Fountain Sanitation District updated from a 6-cell aerated lagoon system back in 1997. The upgrade consisted of moving to an extended aeration facility. The designed method to deal with waste activated sludge (WAS) was aerobic digestion. Shortly after the plant came online it was apparent that the aerobic digesters were not able to keep up with the treatment needs for removing bio-solids. Making additional room for wasting becomes a priority. FSD initially constructed 5 drying beds. This process entailed using a trailer-mounted blending unit, and dosing polymer and blending sludge together, allowing solids to be poured out across the bed. Having a porous bottom, the bed allowed the solids that flowed across the top to stay together and form a cake, while the water dissipated through the bed surface. Over time, the only thing left would be the cake from the solids. This, in turn, would allow the cake to naturally dry out before removing it and preparing the drying bed for the next time. The solids removed from the drying bed are then stored until hauled away for ultimate disposal.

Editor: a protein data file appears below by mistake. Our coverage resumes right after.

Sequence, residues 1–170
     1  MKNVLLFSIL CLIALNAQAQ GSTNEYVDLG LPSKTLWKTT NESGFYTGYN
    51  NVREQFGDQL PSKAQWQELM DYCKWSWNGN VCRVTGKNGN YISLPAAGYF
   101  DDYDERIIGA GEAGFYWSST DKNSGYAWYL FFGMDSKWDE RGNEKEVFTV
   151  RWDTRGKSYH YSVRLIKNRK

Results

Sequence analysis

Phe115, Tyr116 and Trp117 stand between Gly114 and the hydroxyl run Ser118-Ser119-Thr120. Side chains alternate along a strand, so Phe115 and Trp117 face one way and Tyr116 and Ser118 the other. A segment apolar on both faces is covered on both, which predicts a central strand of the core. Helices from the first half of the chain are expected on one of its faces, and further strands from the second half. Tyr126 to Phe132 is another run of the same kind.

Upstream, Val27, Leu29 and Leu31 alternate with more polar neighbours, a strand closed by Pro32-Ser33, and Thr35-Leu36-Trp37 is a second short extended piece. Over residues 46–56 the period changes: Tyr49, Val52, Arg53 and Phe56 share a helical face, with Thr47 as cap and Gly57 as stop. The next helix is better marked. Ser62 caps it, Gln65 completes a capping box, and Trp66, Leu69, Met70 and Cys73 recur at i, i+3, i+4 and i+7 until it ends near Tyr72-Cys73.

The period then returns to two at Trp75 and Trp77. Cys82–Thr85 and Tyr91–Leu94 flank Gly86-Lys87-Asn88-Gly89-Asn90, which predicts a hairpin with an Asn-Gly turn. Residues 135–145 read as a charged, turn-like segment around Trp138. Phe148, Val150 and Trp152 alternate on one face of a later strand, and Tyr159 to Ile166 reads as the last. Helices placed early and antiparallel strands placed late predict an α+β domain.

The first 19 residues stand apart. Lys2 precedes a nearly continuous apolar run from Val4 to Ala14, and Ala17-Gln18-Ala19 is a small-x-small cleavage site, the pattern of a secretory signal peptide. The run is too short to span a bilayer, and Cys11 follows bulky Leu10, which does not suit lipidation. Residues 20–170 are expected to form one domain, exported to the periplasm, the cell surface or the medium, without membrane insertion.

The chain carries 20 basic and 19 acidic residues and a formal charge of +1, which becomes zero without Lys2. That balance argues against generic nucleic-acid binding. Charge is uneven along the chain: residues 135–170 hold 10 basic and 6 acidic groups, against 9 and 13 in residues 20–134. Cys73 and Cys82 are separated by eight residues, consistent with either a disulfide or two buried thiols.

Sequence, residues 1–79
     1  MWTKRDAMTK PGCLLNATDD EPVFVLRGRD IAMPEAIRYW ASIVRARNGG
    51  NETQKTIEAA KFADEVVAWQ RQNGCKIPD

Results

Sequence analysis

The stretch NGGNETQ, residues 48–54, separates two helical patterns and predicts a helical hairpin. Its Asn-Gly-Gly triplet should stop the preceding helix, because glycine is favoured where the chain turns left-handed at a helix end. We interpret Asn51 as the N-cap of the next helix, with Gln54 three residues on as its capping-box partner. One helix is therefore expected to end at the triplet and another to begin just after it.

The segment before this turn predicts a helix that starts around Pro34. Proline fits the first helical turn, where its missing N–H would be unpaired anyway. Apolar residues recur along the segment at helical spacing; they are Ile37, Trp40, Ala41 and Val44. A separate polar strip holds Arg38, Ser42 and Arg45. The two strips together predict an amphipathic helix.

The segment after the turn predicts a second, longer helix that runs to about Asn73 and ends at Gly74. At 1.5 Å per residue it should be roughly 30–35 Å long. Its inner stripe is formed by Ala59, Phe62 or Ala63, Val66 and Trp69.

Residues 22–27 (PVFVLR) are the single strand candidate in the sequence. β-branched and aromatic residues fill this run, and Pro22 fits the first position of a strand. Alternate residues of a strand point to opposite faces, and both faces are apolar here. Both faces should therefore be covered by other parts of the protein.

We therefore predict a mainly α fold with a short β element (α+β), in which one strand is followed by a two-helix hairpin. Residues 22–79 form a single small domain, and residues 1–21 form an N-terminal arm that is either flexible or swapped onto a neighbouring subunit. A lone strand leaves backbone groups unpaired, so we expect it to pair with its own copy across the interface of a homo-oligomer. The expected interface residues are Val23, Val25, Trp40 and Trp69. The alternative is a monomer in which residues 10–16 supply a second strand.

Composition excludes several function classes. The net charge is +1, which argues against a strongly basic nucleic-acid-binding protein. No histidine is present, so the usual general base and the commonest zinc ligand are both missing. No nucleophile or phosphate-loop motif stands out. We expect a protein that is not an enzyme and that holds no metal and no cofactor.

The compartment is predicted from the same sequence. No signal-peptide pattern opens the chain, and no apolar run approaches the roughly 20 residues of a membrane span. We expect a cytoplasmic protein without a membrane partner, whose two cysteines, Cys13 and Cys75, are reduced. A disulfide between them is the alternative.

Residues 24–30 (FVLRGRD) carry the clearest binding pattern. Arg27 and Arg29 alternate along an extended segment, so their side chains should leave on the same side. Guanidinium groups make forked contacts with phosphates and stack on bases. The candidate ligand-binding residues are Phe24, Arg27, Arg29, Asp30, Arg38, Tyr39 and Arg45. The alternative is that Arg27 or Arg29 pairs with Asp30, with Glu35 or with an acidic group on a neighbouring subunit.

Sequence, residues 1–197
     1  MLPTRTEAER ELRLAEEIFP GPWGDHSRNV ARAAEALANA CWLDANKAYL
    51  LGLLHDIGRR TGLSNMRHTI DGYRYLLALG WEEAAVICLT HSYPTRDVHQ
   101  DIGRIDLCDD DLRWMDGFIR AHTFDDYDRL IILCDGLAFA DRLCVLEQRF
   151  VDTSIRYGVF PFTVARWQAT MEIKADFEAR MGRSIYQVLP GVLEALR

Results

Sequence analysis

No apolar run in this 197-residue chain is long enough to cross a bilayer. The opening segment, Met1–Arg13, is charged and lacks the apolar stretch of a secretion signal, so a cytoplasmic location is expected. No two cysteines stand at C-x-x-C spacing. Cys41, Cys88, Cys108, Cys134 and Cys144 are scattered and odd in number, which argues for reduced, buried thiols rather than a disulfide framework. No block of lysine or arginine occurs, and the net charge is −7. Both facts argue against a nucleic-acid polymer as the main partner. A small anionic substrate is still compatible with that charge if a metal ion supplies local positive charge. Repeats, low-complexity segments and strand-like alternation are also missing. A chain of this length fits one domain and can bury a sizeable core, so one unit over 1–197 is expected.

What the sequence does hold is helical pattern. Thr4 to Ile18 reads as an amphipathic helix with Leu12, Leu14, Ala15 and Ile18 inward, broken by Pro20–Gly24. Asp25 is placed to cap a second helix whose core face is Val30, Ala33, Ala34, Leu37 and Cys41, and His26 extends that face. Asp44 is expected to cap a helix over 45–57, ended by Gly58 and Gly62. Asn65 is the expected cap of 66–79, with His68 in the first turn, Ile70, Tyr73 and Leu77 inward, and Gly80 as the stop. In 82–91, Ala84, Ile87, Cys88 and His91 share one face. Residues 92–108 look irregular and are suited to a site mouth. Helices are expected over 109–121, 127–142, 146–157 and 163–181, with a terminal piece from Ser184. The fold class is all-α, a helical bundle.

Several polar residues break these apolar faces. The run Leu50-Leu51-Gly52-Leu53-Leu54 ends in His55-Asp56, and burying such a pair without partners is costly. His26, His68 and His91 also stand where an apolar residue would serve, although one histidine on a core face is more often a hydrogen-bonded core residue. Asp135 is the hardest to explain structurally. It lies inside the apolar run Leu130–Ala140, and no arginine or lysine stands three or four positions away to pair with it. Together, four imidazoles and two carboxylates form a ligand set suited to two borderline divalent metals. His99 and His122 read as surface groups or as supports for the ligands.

As the City of Fountain grew and the flow to the facility increased, using drying beds to remove bio-solids wasn’t enough and turned to a third-party contractor to help keep up with removal needs. The third-party contractor brought in a trailer mounted belt press and were able to process more solids in less time, making room for the new WAS. The bio-solids from FSD’s facility are considered Class B, which allows them to be land applied. With Fountain continuing to grow, the district did as well. Within the last 3 years, FSD has been operating two facilities. The new treatment facility treats more than half of the flow, leaving the old facility to continue treating wastewater and dealing with bio-solids removal.

Under the guidelines of the US Environmental Protection Agency’s Part 503 Biosolids rule, FSD produces Class B Biosolids that can be used and distributed for land application such as agricultural land. However, unlike Class A Biosolids, Class B Biosolids require additional farm management practices and have more site restrictions for land application (for example, Class B Biosolids cannot be land-applied to lawns and home gardens). Additionally, agricultural land that has Class B Biosolids applied have to follow their own additional guidelines when it comes to harvesting crops, farm animal grazing and public contact.

Screw Press Benefits